The Prisoner: I am not a number, but a secret
Like most fans, I was intrigued by the show’s whimsical setting, The Village, Magrittean imagery, and fierce defense of personal freedom (“I will not be pushed, filed, stamped, indexed, briefed, debriefed, or numbered! My life is my own” exclaims McGoohan’s character in the first episode, Arrival). But what has always fascinated me about The Prisoner – I’ve been a devoted fan since my local PBS station ran the series in the 1980s late on weekend nights – is secrecy.
McGoohan’s character, Number 6, not only holds deep secrets about his life as a spy, but lives in the secret, contrived world of The Village. One is always left wondering about origins in The Prisoner: is the show a commentary on the Cold War? Is Number 6 a Manchurian candidate? Why did Number 6 resign? Who is Number 1? Who is the secret society that operates The Village? Is there a conspiracy against Number 6 for his desire to leave spying? These are the big questions that come to mind as we are sucked into 6’s struggle to understand his circumstances. Until the last episode of the series, the quirky “Fall Out,” one wonders what Number 6 has done to merit the MK ULTRAesque experimentation and incarceration in The Village. It is The Prisoner’s total, unapologetic focus on secrets, secrecy, the hidden, and power that pulls us in forty or so years after the show’s first release.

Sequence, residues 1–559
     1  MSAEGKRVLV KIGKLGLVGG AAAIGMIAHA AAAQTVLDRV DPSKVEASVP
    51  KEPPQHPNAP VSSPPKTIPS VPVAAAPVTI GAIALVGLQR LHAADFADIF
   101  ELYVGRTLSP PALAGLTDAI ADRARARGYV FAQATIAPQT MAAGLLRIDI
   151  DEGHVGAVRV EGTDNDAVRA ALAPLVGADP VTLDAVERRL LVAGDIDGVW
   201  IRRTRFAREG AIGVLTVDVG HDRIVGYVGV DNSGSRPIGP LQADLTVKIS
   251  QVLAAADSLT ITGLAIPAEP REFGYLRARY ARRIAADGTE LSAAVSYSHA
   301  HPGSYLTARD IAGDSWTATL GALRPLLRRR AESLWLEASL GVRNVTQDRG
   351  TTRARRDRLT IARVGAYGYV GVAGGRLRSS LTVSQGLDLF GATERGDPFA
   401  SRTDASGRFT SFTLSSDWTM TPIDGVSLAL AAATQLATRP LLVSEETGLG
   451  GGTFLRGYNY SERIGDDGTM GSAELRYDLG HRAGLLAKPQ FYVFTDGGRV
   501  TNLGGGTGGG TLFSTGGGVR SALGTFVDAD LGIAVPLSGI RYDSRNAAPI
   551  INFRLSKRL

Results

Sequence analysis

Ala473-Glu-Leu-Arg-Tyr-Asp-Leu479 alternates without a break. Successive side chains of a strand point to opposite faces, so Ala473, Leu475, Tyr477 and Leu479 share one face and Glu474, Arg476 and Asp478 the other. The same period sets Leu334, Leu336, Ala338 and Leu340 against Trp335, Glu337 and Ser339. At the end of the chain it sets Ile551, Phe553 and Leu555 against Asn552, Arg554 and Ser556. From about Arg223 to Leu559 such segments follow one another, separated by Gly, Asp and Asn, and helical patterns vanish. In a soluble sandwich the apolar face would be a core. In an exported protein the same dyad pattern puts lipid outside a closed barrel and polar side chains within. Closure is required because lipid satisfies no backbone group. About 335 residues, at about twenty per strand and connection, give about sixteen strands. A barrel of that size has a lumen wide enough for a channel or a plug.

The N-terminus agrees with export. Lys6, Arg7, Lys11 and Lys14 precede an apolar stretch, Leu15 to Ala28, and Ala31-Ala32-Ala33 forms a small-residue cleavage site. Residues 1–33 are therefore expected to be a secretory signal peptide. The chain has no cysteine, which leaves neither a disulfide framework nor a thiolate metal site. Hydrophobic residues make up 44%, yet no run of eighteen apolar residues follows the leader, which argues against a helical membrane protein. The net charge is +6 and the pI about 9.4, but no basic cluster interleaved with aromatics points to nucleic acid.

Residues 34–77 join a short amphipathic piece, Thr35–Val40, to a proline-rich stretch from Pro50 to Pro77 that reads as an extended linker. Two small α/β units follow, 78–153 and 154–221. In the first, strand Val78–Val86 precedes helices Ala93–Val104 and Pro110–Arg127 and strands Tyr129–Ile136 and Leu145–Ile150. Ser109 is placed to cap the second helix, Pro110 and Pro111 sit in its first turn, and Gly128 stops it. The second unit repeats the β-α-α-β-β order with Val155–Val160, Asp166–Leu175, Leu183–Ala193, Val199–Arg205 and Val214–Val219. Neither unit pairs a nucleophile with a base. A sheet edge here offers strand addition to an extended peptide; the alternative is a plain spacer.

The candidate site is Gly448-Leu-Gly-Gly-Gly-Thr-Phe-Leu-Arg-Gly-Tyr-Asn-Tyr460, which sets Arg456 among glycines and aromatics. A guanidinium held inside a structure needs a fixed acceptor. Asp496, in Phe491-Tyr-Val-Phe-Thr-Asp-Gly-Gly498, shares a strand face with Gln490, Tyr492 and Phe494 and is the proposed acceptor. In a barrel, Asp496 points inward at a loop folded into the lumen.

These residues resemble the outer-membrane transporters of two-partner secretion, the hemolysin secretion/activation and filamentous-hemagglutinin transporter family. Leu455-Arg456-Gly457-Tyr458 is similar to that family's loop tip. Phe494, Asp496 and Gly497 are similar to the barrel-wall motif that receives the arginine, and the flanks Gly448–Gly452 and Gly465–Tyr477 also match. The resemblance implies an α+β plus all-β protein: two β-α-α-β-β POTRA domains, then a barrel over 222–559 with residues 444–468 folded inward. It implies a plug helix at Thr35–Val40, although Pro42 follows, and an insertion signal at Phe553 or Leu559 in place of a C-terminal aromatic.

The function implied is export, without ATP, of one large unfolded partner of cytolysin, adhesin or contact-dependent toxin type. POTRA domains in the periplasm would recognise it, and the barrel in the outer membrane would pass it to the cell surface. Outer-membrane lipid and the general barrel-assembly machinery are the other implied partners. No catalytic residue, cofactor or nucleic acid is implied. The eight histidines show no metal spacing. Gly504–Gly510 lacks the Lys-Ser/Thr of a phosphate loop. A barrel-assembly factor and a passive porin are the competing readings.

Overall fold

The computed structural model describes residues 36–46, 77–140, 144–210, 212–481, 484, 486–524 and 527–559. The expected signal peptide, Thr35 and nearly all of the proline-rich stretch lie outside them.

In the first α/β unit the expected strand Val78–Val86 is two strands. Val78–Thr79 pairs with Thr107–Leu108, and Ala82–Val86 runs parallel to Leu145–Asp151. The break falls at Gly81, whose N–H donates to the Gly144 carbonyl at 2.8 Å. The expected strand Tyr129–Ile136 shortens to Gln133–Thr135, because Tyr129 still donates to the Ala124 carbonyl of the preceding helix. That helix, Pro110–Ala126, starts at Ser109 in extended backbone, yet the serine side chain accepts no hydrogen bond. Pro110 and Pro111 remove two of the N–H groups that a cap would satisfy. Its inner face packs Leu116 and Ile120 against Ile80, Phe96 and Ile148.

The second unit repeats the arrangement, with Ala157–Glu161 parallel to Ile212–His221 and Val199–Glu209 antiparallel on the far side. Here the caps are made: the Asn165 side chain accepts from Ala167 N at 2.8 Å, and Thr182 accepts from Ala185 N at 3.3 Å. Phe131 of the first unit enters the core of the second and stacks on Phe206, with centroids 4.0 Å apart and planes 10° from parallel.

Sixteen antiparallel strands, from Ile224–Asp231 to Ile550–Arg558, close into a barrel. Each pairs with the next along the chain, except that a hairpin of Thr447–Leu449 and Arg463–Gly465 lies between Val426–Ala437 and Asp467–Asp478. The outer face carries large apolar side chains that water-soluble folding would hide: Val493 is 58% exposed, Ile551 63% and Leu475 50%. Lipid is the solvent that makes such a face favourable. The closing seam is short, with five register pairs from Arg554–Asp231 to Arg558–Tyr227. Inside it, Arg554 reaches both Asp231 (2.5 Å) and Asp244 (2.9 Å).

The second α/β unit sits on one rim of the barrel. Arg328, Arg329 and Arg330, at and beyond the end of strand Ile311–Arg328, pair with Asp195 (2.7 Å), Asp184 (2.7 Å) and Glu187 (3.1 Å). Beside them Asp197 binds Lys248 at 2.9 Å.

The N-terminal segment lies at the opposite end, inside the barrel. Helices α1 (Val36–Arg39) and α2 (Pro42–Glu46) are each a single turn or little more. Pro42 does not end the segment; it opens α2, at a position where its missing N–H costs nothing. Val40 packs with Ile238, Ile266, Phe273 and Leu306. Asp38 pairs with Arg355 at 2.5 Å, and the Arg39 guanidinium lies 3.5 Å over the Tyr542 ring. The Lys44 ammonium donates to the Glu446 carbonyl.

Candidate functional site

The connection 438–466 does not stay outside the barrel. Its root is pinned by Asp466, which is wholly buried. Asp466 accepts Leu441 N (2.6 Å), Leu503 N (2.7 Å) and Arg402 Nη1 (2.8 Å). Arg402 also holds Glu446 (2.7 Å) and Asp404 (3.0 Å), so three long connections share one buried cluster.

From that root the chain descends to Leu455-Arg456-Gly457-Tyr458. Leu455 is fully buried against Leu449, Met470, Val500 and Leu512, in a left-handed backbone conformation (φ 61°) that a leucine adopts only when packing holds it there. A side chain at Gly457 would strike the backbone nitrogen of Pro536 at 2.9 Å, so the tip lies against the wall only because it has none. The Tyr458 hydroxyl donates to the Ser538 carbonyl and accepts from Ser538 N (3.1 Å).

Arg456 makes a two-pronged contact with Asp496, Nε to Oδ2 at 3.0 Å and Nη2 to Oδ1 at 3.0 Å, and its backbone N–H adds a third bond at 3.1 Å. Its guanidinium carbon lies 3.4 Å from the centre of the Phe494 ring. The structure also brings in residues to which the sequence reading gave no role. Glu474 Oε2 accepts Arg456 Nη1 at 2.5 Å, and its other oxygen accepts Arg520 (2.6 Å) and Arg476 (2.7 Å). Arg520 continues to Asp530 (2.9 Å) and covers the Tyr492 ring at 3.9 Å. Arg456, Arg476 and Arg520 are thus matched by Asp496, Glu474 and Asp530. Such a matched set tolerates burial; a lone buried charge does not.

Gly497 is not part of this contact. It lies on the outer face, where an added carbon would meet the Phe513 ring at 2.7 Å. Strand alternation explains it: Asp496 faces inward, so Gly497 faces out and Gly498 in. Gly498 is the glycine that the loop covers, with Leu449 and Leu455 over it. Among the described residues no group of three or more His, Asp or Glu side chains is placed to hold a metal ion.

If we think of secrecy as power and control over information, if we consider sociologist Georg Simmel’s incredible insight that secrecy modifies relationships, then this is The Prisoner in all its wonderfully confusing glory. Like most Prisoner junkies, I had always hoped Mr. McGoohan would resurrect the series to reveal its secrets. Sadly, this never occurred. But I remain grateful for The Prisoner not only for its commentary on our own technointrusive world, but for its uncanny (early) insights on the power of information in human relationships and its ties to oppression and personal autonomy.
Godspeed, Number 1.